Dusk Masthead

Sustainable Life: Eat, Grow, Autumn

Mia Swainson

Ripe figs, luscious leafy greens and still more zucchinis…

It must be autumn in the kitchen garden. A great season for growing. The scorching heat of a midsummer’s day has passed, leaving just a lovely warm soil and mild days – perfect growing weather. Tender, crisp leafy plants love autumn.

In the kitchen, it’s time to put the last of summer’s garden gifts into a compote, a cake and a pickle.

RHUBARB AND LEMON COMPOTE

Once you’ve got rhubarb established in your garden, you’ll have it forever. It’s a herb that grows long red or green stems and large, dark green leaves from crowns in the soil. Looking for a new rhubarb plant? Ask a friend with a healthy plant to split their crown in late winter and pop your crown into rich, moist soil. Voila – rhubarb and deliciousness for life.

Canberra’s cold climate means that rhubarb dies back in winter. So, rather than waste the stems, each autumn I take a big harvest and preserve the rhubarb for winter eating. This year I’ve made a rhubarb and lemon compote.

Take about 500g of rhubarb stalks and chop them into 2.5cm lengths, then put them into a medium sized cooking pot. Add the juice and peel of one large lemon (or two small lemons), 2 bay leaves, 5 cloves and a cup of brown sugar. Bring to the boil and simmer for about five minutes, until the rhubarb is tender. Remove the cloves, then bottle in sterilised jars or freeze in batches. Best eaten with thick yoghurt, cream or ice cream. A delicious treat, perfect for cold, autumn evenings.

FIG AND ALMOND UPSIDE DOWN CAKE

Ok, so figs might just be my favourite fruit. Just the right amount of sweet, packed full of flavour and interesting texture. We net our fig tree to protect it from birds and…our children. To keep the fig tree small enough to net it gets a good, hard prune, every year. We take at least a third of the branch lengths.

End of season figs are sweet and squishy. Perfect for baking (or jam). Here’s a cake recipe for a special occasion. I’ve used figs, but you could also use peaches, plums or other autumn fruit.

Firstly, combine the dry ingredients in a bowl. You’ll need: ½ cup of wholemeal flour, ½ cup white flour, ½ cup almond meal, 1 tsp baking powder and 1 cup of white sugar.

Then combine the wet ingredients. Whisk together three eggs, ½ cup yoghurt, ½ cup canola oil and ½ tsp vanilla essence.

Gently combine the wet and dry ingredients.

Now for the upside-down part of the cake. Line a 20cm round tin with baking paper and grease the bottom with butter. Thinly slice three large figs and arrange the slices elegantly on top of the greased baking tin. Sprinkle with a tablespoon of caster sugar.

Gently pour the cake mixture on top of the figs. Bake in a moderate oven (160 – 180 degrees) for about 40 minutes, until a skewer comes out clean. Turn the cake upside down and serve with Greek yoghurt or cream.

PUMPKIN AND BARLEY SALAD

So versatile in cooking and easy to grow, the perfect vegetable fruit. Put seeds into a rich compost in early November and watch your pumpkin take over the garden, patio or shed. Our first pumpkins aren’t usually ready until early March as they love to soak up summer’s sun. Pumpkins are ready for harvest when the stem changes colour and goes hard. Pull it off the vine and pop it upside down in the sun for a day or two to harden the skin for storage.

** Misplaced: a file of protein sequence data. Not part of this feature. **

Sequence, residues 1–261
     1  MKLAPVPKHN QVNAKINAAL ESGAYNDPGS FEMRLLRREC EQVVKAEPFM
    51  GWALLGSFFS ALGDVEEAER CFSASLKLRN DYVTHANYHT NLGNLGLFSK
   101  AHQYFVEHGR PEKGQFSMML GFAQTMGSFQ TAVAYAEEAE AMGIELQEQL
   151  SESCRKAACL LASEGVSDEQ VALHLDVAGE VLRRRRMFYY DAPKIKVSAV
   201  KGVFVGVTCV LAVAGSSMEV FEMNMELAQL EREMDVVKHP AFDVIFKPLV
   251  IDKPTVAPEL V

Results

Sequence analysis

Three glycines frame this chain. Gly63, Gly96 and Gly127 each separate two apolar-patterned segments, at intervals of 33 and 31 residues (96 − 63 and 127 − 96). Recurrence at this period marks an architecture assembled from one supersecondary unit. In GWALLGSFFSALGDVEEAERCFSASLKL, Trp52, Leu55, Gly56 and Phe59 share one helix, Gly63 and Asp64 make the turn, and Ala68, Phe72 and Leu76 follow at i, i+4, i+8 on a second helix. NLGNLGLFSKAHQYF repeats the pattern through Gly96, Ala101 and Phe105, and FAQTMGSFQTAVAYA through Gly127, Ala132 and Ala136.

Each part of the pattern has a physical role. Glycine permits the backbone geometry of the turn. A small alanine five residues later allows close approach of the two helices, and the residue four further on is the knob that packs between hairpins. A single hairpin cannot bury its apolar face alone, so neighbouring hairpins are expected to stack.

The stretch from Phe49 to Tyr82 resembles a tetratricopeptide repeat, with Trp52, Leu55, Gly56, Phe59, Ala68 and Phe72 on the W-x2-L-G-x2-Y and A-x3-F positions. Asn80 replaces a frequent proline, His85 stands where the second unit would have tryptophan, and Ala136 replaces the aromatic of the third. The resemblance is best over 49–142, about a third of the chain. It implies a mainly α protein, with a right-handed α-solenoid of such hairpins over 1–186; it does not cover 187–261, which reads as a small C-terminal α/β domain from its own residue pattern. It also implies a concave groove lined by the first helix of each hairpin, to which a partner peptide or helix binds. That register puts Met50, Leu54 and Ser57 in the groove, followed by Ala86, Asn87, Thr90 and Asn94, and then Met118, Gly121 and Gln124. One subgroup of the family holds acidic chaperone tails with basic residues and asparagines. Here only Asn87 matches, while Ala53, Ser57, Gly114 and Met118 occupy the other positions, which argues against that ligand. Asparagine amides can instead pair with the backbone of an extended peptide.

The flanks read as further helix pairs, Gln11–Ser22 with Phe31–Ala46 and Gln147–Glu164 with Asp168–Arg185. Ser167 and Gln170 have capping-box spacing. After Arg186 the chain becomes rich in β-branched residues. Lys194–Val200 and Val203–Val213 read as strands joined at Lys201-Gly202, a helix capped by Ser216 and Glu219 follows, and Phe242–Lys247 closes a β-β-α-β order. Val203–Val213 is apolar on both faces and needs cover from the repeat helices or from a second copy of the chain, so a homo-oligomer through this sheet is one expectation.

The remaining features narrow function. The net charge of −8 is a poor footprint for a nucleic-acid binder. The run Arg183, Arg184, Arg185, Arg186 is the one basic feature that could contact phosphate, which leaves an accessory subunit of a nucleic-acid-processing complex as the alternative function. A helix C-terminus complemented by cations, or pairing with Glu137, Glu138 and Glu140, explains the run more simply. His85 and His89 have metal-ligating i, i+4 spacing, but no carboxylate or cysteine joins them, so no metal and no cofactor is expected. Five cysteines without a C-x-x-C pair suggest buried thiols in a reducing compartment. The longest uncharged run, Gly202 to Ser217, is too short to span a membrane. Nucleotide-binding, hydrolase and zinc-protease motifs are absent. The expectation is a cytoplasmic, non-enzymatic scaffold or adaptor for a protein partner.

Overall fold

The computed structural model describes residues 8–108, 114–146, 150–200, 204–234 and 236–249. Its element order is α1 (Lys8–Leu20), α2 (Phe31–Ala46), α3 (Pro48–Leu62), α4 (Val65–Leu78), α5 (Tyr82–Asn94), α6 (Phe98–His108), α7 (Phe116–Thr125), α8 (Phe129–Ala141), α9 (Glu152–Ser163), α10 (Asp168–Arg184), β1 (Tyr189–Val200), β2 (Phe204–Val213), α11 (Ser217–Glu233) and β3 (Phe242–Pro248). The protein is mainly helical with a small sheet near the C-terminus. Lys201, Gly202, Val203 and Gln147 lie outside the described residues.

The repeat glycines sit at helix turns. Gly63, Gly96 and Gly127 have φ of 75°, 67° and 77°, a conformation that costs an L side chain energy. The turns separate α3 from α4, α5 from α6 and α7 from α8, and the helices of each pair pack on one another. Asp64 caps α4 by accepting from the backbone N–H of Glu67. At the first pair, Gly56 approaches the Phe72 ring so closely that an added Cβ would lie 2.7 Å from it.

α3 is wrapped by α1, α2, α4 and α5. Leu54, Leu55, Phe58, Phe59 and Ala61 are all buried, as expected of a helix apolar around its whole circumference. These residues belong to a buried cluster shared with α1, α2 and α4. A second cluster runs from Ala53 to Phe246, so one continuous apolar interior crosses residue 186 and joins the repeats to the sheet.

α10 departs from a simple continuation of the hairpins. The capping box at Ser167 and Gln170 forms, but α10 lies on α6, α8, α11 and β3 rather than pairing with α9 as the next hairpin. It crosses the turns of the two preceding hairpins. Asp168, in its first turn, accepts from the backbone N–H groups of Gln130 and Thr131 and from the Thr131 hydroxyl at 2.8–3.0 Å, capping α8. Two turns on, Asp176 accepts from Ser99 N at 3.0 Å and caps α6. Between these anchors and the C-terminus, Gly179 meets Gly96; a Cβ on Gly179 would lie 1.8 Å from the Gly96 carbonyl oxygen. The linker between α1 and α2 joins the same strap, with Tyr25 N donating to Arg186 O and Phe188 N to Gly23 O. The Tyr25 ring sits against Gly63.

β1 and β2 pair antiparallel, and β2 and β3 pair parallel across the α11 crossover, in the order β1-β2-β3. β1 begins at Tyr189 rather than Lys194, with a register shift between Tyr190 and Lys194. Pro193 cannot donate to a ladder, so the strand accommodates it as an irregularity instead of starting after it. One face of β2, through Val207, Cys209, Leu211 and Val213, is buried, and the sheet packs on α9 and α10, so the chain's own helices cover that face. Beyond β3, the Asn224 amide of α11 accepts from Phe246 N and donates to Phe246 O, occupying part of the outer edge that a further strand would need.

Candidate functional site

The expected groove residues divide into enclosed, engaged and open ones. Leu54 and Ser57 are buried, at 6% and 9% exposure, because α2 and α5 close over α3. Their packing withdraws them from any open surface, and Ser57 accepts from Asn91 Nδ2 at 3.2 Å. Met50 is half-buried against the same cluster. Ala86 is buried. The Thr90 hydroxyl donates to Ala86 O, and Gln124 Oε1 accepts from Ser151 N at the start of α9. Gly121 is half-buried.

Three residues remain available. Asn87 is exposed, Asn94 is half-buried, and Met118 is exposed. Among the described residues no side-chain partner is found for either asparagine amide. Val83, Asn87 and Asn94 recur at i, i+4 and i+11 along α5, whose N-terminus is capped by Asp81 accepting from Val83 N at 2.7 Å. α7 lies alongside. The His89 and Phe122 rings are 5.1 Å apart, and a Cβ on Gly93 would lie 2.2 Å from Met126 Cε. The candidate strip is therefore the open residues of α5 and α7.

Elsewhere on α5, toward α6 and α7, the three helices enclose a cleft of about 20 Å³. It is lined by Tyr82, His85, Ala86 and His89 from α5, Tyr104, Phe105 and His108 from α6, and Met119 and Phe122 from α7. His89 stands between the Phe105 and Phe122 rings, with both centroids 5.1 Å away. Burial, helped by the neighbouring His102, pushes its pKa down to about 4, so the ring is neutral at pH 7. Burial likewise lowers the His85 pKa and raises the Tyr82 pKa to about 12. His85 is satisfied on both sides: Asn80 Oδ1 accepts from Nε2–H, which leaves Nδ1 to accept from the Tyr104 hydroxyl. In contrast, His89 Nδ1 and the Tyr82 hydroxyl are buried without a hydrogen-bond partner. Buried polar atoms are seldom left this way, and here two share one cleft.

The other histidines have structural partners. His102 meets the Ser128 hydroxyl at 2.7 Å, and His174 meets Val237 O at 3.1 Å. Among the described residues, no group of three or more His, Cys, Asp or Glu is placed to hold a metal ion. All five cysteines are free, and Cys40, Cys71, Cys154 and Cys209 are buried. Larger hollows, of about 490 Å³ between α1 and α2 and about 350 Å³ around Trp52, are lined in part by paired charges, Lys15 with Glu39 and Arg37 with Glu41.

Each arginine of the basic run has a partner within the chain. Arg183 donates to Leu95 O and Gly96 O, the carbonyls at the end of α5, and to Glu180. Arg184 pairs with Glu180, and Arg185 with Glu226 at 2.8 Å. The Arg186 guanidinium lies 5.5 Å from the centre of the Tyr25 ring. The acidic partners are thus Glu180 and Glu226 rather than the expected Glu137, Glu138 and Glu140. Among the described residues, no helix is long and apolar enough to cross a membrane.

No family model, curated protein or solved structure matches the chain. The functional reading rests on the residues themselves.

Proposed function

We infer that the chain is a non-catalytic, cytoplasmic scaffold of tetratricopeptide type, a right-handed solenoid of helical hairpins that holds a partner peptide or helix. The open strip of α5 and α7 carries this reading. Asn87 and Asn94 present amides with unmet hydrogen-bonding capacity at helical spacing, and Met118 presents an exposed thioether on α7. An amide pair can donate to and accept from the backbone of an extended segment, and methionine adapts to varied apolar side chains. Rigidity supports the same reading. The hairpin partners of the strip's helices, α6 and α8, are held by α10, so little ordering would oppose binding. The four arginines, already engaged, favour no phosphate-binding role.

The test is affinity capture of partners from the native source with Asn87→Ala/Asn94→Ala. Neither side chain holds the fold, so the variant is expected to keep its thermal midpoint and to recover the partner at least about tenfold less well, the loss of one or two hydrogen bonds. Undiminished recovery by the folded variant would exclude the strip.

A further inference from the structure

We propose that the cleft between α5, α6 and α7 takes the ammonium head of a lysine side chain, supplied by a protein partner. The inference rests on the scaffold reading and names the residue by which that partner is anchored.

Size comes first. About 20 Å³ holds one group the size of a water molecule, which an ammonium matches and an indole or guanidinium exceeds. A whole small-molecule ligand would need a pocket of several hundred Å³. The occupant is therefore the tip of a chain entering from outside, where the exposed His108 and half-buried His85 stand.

I’m loving roast pumpkin in salads right now. Here are my autumn favourite, a pumpkin and barley salad with plenty of fresh, crisp greens from the garden.

Firstly, cook the barley. Take ¾ cup of barley and simmer it on the stove top in 2 cups of water and a teaspoon of stock powder. This may take 35 – 45 minutes and when it’s finished the water and stock will have been fully absorbed.

Then, the pumpkin. Dice about 1.5kg into 2cm cubes and pop it onto a grill tray. Mix through a generous glug of olive oil, a grated clove of garlic, salt and pepper. Grill on high for 15 – 20 minutes, until the tops are just a bit burnt. Let it sit for a further 5 minutes while all of the pumpkin cooks through.

Now for the dressing. Mix together ½ cup of olive oil, 1 tsp Dijon mustard, 1 tbsp. balsamic vinegar and season to taste.

Finally, put the salad together. Lay six cups of mixed leaves from the garden on a plate (baby spinach and rocket work well), gently place the grilled pumpkin and barley on top. Crumble about 100g of smooth feta cheese over the salad. Drizzle the dressing and gently fold the salad ingredients.

Yum! There will be enough pumpkin and barley salad to share between a few families at a BBQ or brunch.

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Mia Swainson

Mia Swainson is passionate about creating a more sustainable world and believes that everyone can make a difference. Trained as an environmental engineer, Mia has worked in sustainable development with the Australian Government and community sector for more than 15 years. Mia’s work has taken her around the world to Papua New Guinea, Solomon Islands and back to Canberra. She currently tends her kitchen garden, cares for three young boys and is growing her executive coaching consultancy (miaswainson.com.au/wp).

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